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Health Equity | Population Health
The FDA’s Current Rules Could Hinder Safe, Effective, and Equitable AI Innovation in Medical Devices
The Agency Needs New Approaches To Handle AI
The growth of technologies for artificial intelligence (AI) and machine learning (ML) has led the Food and Drug Administration (FDA) to authorize hundreds of AI/ML-based devices. While the FDA has experimented with new regulatory frameworks, it has used traditional regulatory approaches for deciding whether to authorize most of these clinical decision support (CDS) tools. To help the public understand this emerging technology, the agency has released a public database of authorized AI/ML devices (Artificial Intelligence and Machine Learning (AI/ML)-Enabled Medical Devices | FDA), that was last updated October 2022.
In our recent study published in JAMA Internal Medicine, we analyzed this public database to describe the current state of FDA authorizations for AI/ML CDS devices and characterize the evidence supporting these devices, many of which have shown promise in supporting bedside clinicians to improve decisions in the critical care setting but remain unproven.
We found that the FDA’s regulatory review process, developed for more traditional devices, provides little data about safety, effectiveness, or equity for newer AI/ML systems. Of the 10 authorized devices suitable for CDS in critical care, nine received clearance through the traditional 510(k) pathway. Notably, the 510(k) premarket submission pathway does not require clinical evidence for safety, effectiveness, or equity; rather, it focuses on demonstrating similarity to previously authorized devices. Furthermore, when we examined the devices used as predicates, we found many were not equivalent in clinical or methodologic characteristics based on our team’s expert review. For example, many of the predicates received clearance through generations of equivalence determinations that reach back several decades, long before the widespread use of AI/ML technologies in clinical medicine.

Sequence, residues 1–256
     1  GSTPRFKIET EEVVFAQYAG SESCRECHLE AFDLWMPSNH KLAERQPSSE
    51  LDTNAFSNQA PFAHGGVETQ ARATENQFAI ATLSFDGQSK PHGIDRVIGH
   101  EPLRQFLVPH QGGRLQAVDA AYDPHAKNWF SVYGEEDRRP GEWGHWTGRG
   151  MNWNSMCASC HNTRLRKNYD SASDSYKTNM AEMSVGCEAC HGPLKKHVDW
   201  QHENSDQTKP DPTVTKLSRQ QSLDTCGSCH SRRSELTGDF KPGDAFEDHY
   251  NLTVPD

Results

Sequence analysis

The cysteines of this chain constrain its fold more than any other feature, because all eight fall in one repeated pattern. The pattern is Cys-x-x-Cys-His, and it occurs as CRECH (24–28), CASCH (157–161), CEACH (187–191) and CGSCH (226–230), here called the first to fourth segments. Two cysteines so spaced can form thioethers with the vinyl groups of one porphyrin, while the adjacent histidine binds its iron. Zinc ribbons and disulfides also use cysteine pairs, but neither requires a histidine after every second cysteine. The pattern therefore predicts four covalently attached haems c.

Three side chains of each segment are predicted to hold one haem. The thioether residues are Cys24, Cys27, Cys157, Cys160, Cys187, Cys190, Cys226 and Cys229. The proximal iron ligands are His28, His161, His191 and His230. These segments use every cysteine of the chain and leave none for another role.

Only three of the 10 device authorizations were accompanied by any clinical evaluations. For these three, regulators compared the predictive performance of the device against a clinical outcome. None were evaluated for their effect on care processes or patient outcomes, and none of the authorizations included any information about safety, potential for harm, or equitable performance by race, sex, age, or other demographic group.
Importantly, our study does not suggest that the FDA failed to adhere to its own requirements for medical device regulation. Rather, we highlight the importance of creating new regulatory frameworks that are appropriate to more modern CDS devices that rely on AI/ML technologies.
What should these new frameworks look like? First, prospective clinical studies of AI/ML devices are needed, especially in settings like critical care, to ensure that they improve treatment processes and outcomes. Second, they should be evaluated for equity given the growing evidence of biased algorithms reinforcing or worsening health disparities. By incorporating these approaches into its authorizations, the FDA can ensure the safety, effectiveness, and equity of AI/ML CDS devices.
The study, “Analysis of Devices Authorized by the FDA for Clinical Decision Support in Critical Care” was published October 9, 2023 in JAMA Internal Medicine. Authors include Jessica Lee, Alexander Moffett, George Maliha, Zahra Faraji, Genevieve Kanter, and Gary Weissman.
Assistant Professor, Pulmonary and Critical Care Medicine, Perelman School of Medicine
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